[0063] Preferable fluorophores for use in the present invention include any fluorophore that has strong absorption in the wavelength range of the available monochromatic light source. For example, when an argon laser emitting blue light (488 nm) or a blue light emitting diode is used as the excitation source, fluorescein can serve as an excellent fluorophore. Another fluorophore that is efficient in the blue range is 3-(ε-carboxy-pentyl)-3′-ethyl-5,5′-dimethyloxacarbocyanine (CYA). For these harvester fluorophores, the emitter fluorophores can be 2′,7′-dimethoxy-4′,5′-dichloro-6-carboxy-fluorescein (JOE), tetrachlorofluorescein (TET), N,N,N′,N′-tetramethyl-6-carboxyrhodamine (TAMRA), 6-carboxy-X-rhodamine (ROX), Texas red, and a number of cyanine dyes whose absorption spectra share substantial spectral overlap with the emission spectrum of fluorescein and CYA. With sources of different wavelengths, fluorphores may be selected to absorb and emit anywhere along the spectrum from ultraviolet to infrared. Compound fluorophores can also be used as a fluorophore.

[0064] A quencher is a moiety that, when placed very close to an excited fluorophore, causes there to be little or no fluorescence. Suitable quenchers described in the art include particularly DABCYL and variants thereof, such as DABSYL, DABMI and Methyl Red. Fluorophores can also be used as quenchers, because they tend to quench fluorescence when touching certain other fluorophores. Exemplary quenchers include chromophores such as DABCYL or malachite green, and fluorophores that do not fluoresce in the detection range when the probe is intact.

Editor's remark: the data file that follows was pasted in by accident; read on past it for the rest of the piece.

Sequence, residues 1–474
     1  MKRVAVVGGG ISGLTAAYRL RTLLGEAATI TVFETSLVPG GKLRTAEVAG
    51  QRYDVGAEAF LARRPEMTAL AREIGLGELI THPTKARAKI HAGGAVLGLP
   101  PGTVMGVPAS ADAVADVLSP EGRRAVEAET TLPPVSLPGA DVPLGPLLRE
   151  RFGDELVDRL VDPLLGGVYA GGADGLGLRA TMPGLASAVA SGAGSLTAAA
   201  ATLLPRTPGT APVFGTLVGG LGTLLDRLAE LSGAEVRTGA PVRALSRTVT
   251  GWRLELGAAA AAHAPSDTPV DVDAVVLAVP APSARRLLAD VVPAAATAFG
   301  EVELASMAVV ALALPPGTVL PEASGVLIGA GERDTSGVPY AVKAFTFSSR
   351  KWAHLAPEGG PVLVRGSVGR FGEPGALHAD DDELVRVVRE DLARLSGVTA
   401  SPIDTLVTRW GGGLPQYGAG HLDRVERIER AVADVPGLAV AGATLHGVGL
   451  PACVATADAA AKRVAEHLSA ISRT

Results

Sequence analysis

[0065] Preferred embodiments of these probes, labeled with a fluorophore and a quencher, are “dark” (that is, have relatively little or no fluorescence) when intact, but fluoresce when cleaved. Preferably, the total fluorescence of preferred probes when intact is less than twenty percent of their total fluorescence when cleaved. Most preferably, the quencing is complete≠the fluorophore does not fluoresce when the probe is intact.

[0066] When the probe is intact, the moieties of the FRET pair are in a close, quenching relationship. Most preferably the two moieties touch each other. However, separation by a single base pair along the stem duplex is almost always satisfactory. Even greater separations are possible in many instances, namely, 2-4 base pairs or even 5-6 base pairs. For these greater separations the helical nature of the stem duplex should be considered for its effect on the distance between the moieties.

[0067] Fluorophores and quenchers can be added to the probe by functionalization of the appropriate building blocks (e.g., deoxyribonucleotides) such that the fluorophores will be present on the building blocks prior to the formation of the probe, or they may be conjugated to the probe after formation, as appropriate. Various chemistries known to those of average skill in the art can be used to ensure that the appropriate spacing between the fluorophore and the quencher is obtained. In addition fluorophore phosphoramidites, for example a fluorescein phoshoramidite, can be used in place of a nucleoside phosphoramidite. A nucleotide sequence that contains such a substitution is considered to be an “oligonucleotide” as that term is used in this disclosure and in the appended claims, despite the substitution.